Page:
Some guitar students have asked how they could play single string chords on the guitar. This is really easy and you can use as many notes as you want, but here I will show you how to use three notes in a technique which you can apply to lots of different chords. Also, to make this more useful in your playing I will show you how to use guitar tapping which can broaden the possibilities even further.
If you examine the notes which a chord uses, then you can easily take those notes and figure out how to play them on one string. Let’s use the D6 chord, leaving out the 3rd, as an example. The notes in this chord are D, G and B. This chord, like most, can be played several ways as well as in a variety of different positions, but in this guitar lesson we will use only one string to accomplish this.
As you can imagine, using this chord shape requires the same intervals no matter which string you play a chord like this on. The chord name will change, yet the intervals remain the same. To better understand this theory, check out the beginner guitar lesson on notes, whole steps and half step intervals here. So, this is simply using the same notes which you would use in the form of a regular chord, but instead you play them on one string! You do not necessarily want to use only one finger for this though, that would require moving around the guitar neck more than what is necessary. This approach to single string chords on guitar is useful in playing lead guitar licks and solos.
A great alternative guitar trick you can learn is to approach this by using a guitar tapping pattern. The guitar tab shown here looks easy yet the technique will require some practice. Once you can easily play the notes in these guitar tabs, try playing the same pattern on the 5th then the 6th strings and compare the notes from each of these chords too. Try beginning with a right hand tap when playing the first note you see in the tablature.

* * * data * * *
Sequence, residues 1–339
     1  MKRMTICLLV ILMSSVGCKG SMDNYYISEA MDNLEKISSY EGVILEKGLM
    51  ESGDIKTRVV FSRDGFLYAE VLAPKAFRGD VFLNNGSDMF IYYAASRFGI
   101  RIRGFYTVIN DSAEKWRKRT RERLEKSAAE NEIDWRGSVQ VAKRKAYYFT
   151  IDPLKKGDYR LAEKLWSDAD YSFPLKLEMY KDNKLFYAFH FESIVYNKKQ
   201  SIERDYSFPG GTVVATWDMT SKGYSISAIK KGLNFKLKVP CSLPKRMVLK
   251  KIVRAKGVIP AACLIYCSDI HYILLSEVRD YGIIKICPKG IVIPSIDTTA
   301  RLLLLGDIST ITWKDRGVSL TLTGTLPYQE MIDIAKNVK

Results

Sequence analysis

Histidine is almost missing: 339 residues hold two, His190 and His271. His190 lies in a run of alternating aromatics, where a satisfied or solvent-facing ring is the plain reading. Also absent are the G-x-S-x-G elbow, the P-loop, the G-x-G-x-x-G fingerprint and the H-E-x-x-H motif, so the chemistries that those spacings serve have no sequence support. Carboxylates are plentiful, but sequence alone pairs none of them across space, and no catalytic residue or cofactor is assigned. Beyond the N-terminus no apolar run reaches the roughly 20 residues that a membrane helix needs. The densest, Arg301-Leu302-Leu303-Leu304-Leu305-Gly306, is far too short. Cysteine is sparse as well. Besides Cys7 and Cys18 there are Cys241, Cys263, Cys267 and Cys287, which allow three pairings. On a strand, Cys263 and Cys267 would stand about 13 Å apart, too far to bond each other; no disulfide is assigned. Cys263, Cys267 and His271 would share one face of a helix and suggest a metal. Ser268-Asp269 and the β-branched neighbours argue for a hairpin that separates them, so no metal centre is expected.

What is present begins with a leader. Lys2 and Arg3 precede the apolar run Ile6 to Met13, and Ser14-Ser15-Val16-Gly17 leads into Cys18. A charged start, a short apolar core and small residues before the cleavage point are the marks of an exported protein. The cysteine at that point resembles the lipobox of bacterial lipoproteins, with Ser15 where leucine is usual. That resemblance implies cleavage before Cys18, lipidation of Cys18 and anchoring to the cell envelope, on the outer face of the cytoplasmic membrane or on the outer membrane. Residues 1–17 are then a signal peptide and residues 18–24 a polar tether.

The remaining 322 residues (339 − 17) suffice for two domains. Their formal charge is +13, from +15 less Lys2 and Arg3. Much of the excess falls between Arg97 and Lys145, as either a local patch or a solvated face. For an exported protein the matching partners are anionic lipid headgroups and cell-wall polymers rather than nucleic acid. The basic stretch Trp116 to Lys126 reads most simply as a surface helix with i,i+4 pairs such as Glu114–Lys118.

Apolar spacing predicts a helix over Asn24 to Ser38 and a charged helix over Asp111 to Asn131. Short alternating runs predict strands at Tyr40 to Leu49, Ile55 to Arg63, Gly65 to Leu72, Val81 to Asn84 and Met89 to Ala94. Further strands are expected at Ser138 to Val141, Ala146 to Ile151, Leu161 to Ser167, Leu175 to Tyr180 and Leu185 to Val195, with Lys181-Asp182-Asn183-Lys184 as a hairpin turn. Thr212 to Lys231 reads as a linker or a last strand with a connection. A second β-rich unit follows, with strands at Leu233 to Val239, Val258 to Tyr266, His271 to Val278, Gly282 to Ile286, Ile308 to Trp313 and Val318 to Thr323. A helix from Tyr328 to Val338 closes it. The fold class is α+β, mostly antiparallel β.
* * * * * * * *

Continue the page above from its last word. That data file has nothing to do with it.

This allows you to stay in one position on the neck when playing a chord on just one string without having to move around. You can play the other two notes with your fretting hand utilizing hammer-ons and pull-offs. Try this:
- Right hand tap the 4th string 12th fret
- Pull-off to the 4th string 5th fret
- Left hand hammer to the 4th string 9th fret
Now you can use the same tapping pattern on the 5th and 6th strings! This chord combination creates a very pleasing musical sound.
When I do right handed tapping (as a right handed guitar player), I hold the guitar pick between my thumb and index finger. Then I use my right middle finger to do the tapping with. Some players like to hide their guitar pick in their hand and tap with their index finger, but I have always used my middle finger. It just feels more natural to me and makes playing these kinds of guitar licks much easier. You can try experimenting to find which way works best for you.